The Human Cost of a Management Failure: Organizational Downsizing at General Hospital

By Seth Allcorn; Howell S.Baum et al. | Go to book overview

Chapter 7

The Third Set of Interviews

VAL KASMAN, JULY 20, 1994

I’m still a Manager III. I’m responsible for a number of ancillary departments, clinical services, and program development. I still report to Jacob. I have about a dozen departments that report to me and around 800 employees. I’ve just added a number of departments.

I imagine that the scope of my role will expand to cover responsibilities for the matching ambulatory programs for my inpatient services. If you want to really know, I’ve had absolutely no communication about this issue, which is frustrating. It ticks me off about being involved in the change process. The SPC committees are an exercise in tolerance. There is no information or meaningful involvement.

If we are flattened, I think some who report to me will be laid off. I may lose some administrators. I don’t know how it will affect Jacob.

Nothing has been implemented. There is only extreme anxiety, frustration, anger, distrustfulness, and negative attitudes. Two people are being constantly blamed, Maggiano and Lewin. People believe that they don’t know what they are doing. They are letting SPC run over the organization.

I feel that our ethical foundation is eroding. People who speak out are told to be quiet. Those who seem to be responding positively are those who are quiet and passive. They are doing and saying what they are told. Speaking out for me is becoming a disservice to me. Independent thoughts are dangerous. You don’t question the establishment. Everyone and the physicians see that they aren’t playing a role. We know what to do, but our voice isn’t being heard. Be quiet or else. I’m not intimidated, but I’m getting very angry about it. I’ll do my best even if no one appreciates it. I guess I might take that other ticket and leave.

-151-

Notes for this page

Add a new note
If you are trying to select text to create highlights or citations, remember that you must now click or tap on the first word, and then click or tap on the last word.
One moment ...
Default project is now your active project.
Project items

Items saved from this book

This book has been saved
Highlights (0)
Some of your highlights are legacy items.

Highlights saved before July 30, 2012 will not be displayed on their respective source pages.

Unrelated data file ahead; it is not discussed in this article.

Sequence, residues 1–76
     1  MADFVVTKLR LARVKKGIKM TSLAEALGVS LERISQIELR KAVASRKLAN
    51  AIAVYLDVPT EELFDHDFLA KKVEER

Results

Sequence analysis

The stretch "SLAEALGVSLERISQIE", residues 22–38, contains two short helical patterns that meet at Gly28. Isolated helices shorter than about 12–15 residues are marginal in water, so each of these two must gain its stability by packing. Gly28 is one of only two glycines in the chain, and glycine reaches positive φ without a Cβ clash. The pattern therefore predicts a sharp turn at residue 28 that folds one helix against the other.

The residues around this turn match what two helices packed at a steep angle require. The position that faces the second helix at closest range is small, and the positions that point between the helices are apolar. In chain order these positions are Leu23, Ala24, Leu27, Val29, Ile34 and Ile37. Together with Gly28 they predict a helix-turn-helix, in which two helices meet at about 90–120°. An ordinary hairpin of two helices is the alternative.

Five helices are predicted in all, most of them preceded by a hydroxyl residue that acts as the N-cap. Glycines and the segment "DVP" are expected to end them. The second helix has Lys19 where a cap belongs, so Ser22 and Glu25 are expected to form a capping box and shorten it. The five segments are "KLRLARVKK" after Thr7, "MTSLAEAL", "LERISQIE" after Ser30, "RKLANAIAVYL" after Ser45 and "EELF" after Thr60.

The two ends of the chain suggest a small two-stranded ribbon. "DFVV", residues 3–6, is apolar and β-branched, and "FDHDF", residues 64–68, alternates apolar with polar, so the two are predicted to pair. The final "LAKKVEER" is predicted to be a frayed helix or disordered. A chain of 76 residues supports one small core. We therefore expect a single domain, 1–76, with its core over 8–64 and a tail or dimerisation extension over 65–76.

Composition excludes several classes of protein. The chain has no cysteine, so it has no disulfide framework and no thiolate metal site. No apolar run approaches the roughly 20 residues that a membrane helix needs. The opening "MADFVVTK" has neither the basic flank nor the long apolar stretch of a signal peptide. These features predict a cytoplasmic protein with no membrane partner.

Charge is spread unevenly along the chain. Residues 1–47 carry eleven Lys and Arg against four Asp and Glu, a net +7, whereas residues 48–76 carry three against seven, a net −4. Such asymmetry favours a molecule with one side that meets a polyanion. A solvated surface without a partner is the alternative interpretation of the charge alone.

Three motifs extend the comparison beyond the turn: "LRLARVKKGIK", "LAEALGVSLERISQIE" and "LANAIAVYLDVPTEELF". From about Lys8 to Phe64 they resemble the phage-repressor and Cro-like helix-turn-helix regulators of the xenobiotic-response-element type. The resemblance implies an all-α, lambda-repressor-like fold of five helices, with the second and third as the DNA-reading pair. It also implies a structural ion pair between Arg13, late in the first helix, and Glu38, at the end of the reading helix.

You can easily re-create the highlights by opening the book page or article, selecting the text, and clicking “Highlight.”

Citations (0)
Some of your citations are legacy items.

Any citation created before July 30, 2012 will labeled as a “Cited page.” New citations will be saved as cited passages, pages or articles.

We also added the ability to view new citations from your projects or the book or article where you created them.

Notes (0)
Bookmarks (0)

You have no saved items from this book

Project items include:
  • Saved book/article
  • Highlights
  • Quotes/citations
  • Notes
  • Bookmarks
Notes
Cite this page

Cited page

Style
Citations are available only to our active members.
Sign up now to cite pages or passages in MLA, APA and Chicago citation styles.

(Einhorn, 1992, p. 25)

(Einhorn 25)

1

1. Lois J. Einhorn, Abraham Lincoln, the Orator: Penetrating the Lincoln Legend (Westport, CT: Greenwood Press, 1992), 25, http://www.questia.com/read/27419298.

Cited page

Bookmark this page
The Human Cost of a Management Failure: Organizational Downsizing at General Hospital
Table of contents

Table of contents

Settings

Settings

Typeface
Text size Smaller Larger Reset View mode
Search within

Search within this book

Look up

Look up a word

  • Dictionary
  • Thesaurus
Please submit a word or phrase above.
Print this page

Print this page

Why can't I print more than one page at a time?

Full screen
/ 284

matching results for page

Cited passage

Style
Citations are available only to our active members.
Sign up now to cite pages or passages in MLA, APA and Chicago citation styles.

"Portraying himself as an honest, ordinary person helped Lincoln identify with his audiences." (Einhorn, 1992, p. 25).

"Portraying himself as an honest, ordinary person helped Lincoln identify with his audiences." (Einhorn 25)

"Portraying himself as an honest, ordinary person helped Lincoln identify with his audiences."1

1. Lois J. Einhorn, Abraham Lincoln, the Orator: Penetrating the Lincoln Legend (Westport, CT: Greenwood Press, 1992), 25, http://www.questia.com/read/27419298.

Cited passage

Thanks for trying Questia!

Please continue trying out our research tools, but please note, full functionality is available only to our active members.

Your work will be lost once you leave this Web page.

For full access in an ad-free environment, sign up now for a FREE, 1-day trial.

Already a member? Log in now.